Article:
Tuesday, February 10, 2009

The American Recovery & Reinvestment Act of 2009

Will a big-government, trillion dollar spending stimulus package raise the economy to a higher level of growth, or will it make it worse-off than it is today?

The "Read the Stimulus" website is an online tool designed to shine some light on the Congressional Prokfest.

Is spending money the solution to our problems?

Transition policy experts talk about President Obama's American Recovery and Reinvestment Plan -- why it's necessary and how it will work:

Dan Mitchell has a video from the Center for Freedom and Prosperity explaining the folly of Barack Obama’s stimulus plan:

In Summary:
Government cannot create jobs. It can only shift jobs from one part of the economy to the other.
Government can spend only what it has taxed or borrowed away from the public, it creates no new demand but merely redirects it. And getting money from Uncle Sam doesn't necessarily give anyone the incentive to work more, produce more or earn more income.

According to analysts, only 5 percent of the $819 billion measure will go towards highway, mass transit, and rail projects:

Stimulus, Illustrated Part I

Stimulus, Illustrated - Part II

South Carolina Gov. Mark Sanford on the new “savior-based economy”:

January 28th, 2009 - The House passed the $819 billion economic stimulus bill with no Republican support. The measure passed 244 to 188, with 11 Democrats and 177 Republicans voting against it. Only 12% of the bill has any actual stimulus value, and it comes too slowly to help. The rest is filled mostly with historical Democratic spending priorities for government like family planning, education spending, and poverty programs, which should have been handled through normal appropriations and not emergency economic stimulus spending, which it clearly is not.

February 9th, 2009 - The Stimulus cloture invoked a 61-36 vote, advancing toward passage in the Senate. Only three Republicans voted with Democratic majority: Senators Collins, Snowe and Spector joined the 58-member Democratic caucus to invoke cloture.

On February 13, 2009 at 2:24 p.m., the bill was passed by the House with 246 Yeas and 183 Nays. No Republicans in the House voted for the bill. At 10:48 p.m., the Senate passed the bill by a vote of 60-38, with all Democrats and Independents voting for the bill along with three Republicans.
The 1,071 page Conference Report with final handwritten provisions was made available to the public late Friday. Very few, if any, lawmakers read the final version before their vote was cast.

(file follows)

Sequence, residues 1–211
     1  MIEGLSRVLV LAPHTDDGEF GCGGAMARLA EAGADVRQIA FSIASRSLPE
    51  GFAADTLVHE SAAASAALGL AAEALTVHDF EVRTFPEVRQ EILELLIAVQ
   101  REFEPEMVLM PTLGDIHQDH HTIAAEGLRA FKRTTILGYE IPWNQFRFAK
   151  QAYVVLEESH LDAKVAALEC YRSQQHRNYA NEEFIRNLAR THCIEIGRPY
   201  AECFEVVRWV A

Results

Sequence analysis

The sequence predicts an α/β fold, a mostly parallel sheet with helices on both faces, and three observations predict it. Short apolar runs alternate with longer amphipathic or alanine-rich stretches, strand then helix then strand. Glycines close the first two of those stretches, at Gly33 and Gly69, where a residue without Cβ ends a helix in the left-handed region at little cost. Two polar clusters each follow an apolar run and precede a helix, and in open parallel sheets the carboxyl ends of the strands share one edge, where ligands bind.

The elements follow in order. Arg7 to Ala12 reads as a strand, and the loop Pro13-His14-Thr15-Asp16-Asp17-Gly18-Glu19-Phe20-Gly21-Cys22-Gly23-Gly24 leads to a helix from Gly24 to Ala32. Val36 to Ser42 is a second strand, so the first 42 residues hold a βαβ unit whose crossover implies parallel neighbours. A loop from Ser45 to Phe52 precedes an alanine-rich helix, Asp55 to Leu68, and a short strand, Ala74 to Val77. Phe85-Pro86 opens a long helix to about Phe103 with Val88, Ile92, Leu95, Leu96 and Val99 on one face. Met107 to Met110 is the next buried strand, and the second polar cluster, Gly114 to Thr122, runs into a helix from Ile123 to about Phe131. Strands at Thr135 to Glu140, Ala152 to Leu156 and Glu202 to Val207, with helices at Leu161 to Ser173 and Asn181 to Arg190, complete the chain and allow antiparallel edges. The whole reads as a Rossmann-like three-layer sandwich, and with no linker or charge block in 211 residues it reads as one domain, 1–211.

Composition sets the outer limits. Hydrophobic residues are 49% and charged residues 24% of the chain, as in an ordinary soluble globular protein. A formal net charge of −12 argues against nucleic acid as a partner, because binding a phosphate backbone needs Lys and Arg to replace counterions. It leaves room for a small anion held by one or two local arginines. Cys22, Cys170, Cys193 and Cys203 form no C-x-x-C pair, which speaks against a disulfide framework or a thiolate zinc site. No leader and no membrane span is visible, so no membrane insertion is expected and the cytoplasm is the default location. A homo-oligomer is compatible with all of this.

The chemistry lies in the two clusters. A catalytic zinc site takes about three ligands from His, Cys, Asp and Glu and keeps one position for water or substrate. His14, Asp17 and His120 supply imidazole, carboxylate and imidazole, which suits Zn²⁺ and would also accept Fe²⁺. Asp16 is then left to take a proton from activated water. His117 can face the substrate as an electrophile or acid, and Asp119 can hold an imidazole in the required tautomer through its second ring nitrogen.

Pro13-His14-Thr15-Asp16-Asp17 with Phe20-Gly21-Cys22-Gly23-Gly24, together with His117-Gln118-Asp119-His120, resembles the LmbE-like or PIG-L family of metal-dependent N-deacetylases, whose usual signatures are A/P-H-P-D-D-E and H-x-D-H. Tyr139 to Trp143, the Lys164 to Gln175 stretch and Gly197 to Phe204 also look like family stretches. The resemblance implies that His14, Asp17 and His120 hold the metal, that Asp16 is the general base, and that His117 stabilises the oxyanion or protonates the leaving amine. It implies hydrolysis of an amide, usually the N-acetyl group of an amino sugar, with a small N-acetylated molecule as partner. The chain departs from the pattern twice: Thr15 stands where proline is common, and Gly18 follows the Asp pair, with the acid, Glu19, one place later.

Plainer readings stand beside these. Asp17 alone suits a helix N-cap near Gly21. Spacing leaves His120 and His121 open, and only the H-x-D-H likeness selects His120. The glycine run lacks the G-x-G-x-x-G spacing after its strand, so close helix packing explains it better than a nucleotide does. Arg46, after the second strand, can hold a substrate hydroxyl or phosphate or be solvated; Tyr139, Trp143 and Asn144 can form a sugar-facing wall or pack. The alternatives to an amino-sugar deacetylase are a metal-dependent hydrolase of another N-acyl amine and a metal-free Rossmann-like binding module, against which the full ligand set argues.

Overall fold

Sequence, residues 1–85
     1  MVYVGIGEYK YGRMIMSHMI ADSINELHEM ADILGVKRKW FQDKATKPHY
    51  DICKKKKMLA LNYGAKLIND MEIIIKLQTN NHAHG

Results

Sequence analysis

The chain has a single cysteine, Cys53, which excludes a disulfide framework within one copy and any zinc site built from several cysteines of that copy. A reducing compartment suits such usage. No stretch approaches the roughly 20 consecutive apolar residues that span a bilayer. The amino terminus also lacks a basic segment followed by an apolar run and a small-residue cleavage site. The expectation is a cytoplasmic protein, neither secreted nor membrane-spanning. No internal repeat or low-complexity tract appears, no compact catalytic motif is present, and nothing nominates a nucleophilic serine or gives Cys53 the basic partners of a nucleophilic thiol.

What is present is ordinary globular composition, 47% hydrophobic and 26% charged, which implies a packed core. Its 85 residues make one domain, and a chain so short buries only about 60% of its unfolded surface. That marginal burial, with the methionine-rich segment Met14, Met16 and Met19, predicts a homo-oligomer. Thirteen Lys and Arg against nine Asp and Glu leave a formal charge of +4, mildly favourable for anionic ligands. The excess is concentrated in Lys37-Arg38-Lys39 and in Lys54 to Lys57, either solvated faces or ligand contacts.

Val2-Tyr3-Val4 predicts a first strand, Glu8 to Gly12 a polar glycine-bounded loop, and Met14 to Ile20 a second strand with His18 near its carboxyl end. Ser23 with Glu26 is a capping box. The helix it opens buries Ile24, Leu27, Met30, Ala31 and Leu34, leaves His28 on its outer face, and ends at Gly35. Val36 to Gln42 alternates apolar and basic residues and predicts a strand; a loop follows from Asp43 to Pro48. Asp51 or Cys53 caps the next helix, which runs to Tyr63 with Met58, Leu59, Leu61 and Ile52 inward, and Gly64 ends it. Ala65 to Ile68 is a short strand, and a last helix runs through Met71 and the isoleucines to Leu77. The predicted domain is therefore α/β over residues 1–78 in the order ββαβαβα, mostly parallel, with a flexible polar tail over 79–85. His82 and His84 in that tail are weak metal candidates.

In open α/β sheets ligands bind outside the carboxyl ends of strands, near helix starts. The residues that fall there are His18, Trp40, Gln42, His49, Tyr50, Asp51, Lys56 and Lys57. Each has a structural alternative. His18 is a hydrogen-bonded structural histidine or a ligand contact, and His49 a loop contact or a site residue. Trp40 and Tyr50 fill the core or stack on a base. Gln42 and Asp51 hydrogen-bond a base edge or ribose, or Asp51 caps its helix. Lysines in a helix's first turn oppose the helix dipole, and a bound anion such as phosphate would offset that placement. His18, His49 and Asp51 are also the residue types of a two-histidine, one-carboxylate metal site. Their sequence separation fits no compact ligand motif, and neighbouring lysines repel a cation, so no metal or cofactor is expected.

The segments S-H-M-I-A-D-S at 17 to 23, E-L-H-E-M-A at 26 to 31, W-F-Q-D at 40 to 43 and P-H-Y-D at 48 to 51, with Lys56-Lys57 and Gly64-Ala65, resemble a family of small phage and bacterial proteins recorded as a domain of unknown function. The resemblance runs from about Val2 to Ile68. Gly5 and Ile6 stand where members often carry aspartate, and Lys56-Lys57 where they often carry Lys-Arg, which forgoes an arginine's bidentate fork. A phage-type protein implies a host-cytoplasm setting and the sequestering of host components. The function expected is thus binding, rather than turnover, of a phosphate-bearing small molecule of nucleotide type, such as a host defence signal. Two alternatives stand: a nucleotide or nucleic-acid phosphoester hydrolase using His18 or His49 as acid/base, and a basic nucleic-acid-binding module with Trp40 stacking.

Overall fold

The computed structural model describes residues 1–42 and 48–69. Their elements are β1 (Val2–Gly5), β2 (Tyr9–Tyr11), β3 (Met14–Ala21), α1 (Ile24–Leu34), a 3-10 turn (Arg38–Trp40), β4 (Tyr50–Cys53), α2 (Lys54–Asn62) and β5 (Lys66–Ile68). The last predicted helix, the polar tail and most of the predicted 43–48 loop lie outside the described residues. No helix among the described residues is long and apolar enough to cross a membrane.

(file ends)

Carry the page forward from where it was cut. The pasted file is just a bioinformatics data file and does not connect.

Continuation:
Hidden Provisions added that would not provide job creation or economic growth:

  • $650 million for digital television converter box coupons
  • $300 million for electric quasi-golf carts (NY Post)
  • $1 billion for Amtrak, which hasn't been profitable in half a century (WSJ)
  • $400 million for global warming research by NASA scientists (Real Clear Politics)
  • $2.2 billion for carbon capture research
  • $75 million for smoking cessation programs (MichelleMalkin)
  • $335 million for the prevention of sexually transmitted diseases (WashingtonTimes)
  • $20 billion to hasten depreciation and write-off for equipment
  • $209 million for work on deferred maintenance at Agricultural Research Service facilities
  • $245 million for maintaining and modernizing the IT system of the Farm Service Agency
  • $1 billion for "Periodic Censuses and Programs"
  • $140 million for "climate data modeling"
  • $600 million to buy and lease government plug-in and alternative fuel vehicles
  • $1.2 billion in grants to states for youth summer jobs programs and other activities
  • $600 million for "preparations" for socialized medicine (Bloomberg, FoxNews video)
  • $6 billion for energy efficiency projects on government buildings
  • $4.4 billion allocation for "smart" technologies, which includes power monitors ("smart meters")
  • $8 billion to construct high-speed rail lines (Associated Press)

Other Sources regarding the stmulus package proposal:

'Atlas Shrugged': From Fiction to Fact in 52 Years (Steve Moore - WSJ)

The Job-Destroying Stimulus Bill (The Club for Growth)

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